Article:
Tuesday, January 31, 2012

The Family Tree

After much effort and gnashing of teeth, I have finished the Holsenbeck and Gillham family tree, and it is now available for viewing on the 992 website.  Actually, the process could have been much worse:  following one person's ancestry back 12 generations will net 8,182 ancestors.  Luckily for me and my need for sleep, I haven't found all 16,364 of Mother Cile's and Pop's ancestors yet.  However, I have stumbled upon 539 of them and some of the findings have been fascinating.

As most everyone in the family has heard for generations, the Holsenbecks can trace their lineage back to Scotland and Ireland, which, as it turns out, is entirely true.  Only now, though, can we say with certainty exactly in what counties and towns the various arms of the family began.  Not surprisingly, there are also several lines which can be traced back to England and Germany as well.

Although the name Holsenbeck is clearly Germanic in origin, I have not been able to trace the line back any further than Pop's grandfather, Marshall Holsenbeck, whose only definitive data we have is that he died in 1813 in Columbia County, Georgia, outside of Augusta.  The mystery of the Holsenbecks was one that was pursued vigorously by Bryant Holsenbeck Moore, who thoroughly researched the name.  The hang of it all is that we can trace the Holsenbecks from Germany through New York and down to South Carolina, but we can't find the missing link (which seems to be the matter of one single generation) between those Holsenbecks and our Marshall.  I will devote some of my energy to solving this mystery, which may ultimately be cracked with the aid of the scores of newly digitized census records.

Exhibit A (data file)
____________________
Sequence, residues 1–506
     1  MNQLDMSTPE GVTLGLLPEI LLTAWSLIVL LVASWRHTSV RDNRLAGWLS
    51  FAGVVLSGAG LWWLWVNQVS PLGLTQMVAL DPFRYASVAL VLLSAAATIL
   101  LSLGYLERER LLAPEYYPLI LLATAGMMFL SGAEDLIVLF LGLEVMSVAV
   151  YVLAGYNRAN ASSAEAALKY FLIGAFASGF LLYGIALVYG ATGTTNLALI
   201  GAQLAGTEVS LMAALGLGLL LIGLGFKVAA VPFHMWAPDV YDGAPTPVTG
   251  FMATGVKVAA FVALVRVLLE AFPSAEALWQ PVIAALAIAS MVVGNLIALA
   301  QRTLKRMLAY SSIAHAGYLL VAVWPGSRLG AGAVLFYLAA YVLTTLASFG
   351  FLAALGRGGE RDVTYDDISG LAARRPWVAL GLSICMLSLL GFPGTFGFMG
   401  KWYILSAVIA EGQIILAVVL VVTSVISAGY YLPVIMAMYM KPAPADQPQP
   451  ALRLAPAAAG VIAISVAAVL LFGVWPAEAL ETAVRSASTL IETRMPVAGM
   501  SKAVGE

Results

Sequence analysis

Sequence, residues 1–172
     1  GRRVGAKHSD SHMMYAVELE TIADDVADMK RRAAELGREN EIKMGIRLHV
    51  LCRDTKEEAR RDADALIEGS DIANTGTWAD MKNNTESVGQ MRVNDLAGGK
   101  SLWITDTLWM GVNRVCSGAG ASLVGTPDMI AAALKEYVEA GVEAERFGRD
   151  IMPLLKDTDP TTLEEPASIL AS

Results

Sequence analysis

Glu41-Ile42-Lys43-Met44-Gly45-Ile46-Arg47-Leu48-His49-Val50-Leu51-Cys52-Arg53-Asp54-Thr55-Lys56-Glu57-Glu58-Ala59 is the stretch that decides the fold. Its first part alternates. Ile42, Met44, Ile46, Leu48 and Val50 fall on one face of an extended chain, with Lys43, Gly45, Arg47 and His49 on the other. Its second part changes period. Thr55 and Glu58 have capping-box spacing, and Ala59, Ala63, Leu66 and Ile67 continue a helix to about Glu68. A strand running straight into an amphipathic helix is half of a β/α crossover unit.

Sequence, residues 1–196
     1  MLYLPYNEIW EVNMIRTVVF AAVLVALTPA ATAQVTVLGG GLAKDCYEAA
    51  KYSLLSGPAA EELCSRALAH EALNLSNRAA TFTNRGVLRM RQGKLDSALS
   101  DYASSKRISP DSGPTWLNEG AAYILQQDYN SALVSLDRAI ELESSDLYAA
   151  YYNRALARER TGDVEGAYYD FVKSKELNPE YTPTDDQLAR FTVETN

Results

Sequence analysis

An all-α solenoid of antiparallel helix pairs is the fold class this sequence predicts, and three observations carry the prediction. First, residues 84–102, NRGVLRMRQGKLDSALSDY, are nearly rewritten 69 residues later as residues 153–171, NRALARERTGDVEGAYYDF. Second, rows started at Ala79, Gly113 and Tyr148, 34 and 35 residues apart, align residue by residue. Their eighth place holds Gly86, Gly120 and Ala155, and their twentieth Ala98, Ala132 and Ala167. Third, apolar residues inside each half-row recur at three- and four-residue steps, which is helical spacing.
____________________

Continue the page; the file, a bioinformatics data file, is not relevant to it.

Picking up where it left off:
The line that we can, in fact, trace back uninterrupted to Germany is the Kisers, who were Mother Cile's father's people.  We can go back as far as Peter Kiser, who was born in 1732 and, at the age of two in 1734, boarded a ship in the Netherlands and sailed for Philadelphia.  This ship voyage was part of the larger Palatinate migration that took place at this time from the Kurpfalz (or Palatine Electorate, now called Rheinland-Pfalz).  It was result of a religious persecution, and the sea voyages were anything but pleasure cruises, as usually a quarter or more passengers would die en route.  Some of these Germans would later become the Pennsylvania Dutch, but our Peter Kiser and his family ultimately settled in what is now an area just east of Charlotte, North Carolina.

Those of you who descend from Frances Holsenbeck may be interested to know that several lines of the Gillham family made this same voyage to Philadelphia and did, in fact, become Pennsylvania Dutch.  These are the Schmidt (Smith) and Odenwelder families.

Other interesting finds, which I will talk about at length in subsequent posts, are that the Holsenbecks can trace their roots back to the Stirlings, one of the premier families in the annals of Scottish history, and the Gillhams descend from some of the original settlers of the island of Bermuda.

After you peruse the ancestor charts on the website, please make sure to have a look at the descendants charts as well.  I think I have gotten everything right on Frances Holsenbeck's chart, but I am sure there are some mistakes and omissions on the other two.  If you find anything wrong with the charts, please let me know!


  1. Hi Russell,
    I really am enjoying this whole project!! The ancestor charts are amazing! You've gotten us all the way over the 'pond' on several lines. Thanks.

  2. Your research is amazing! I had never seen my history go so far back. I like how the software works -once I figured it out. Now I think I need to go check out where some of those early Gillhams lived-Bermuda!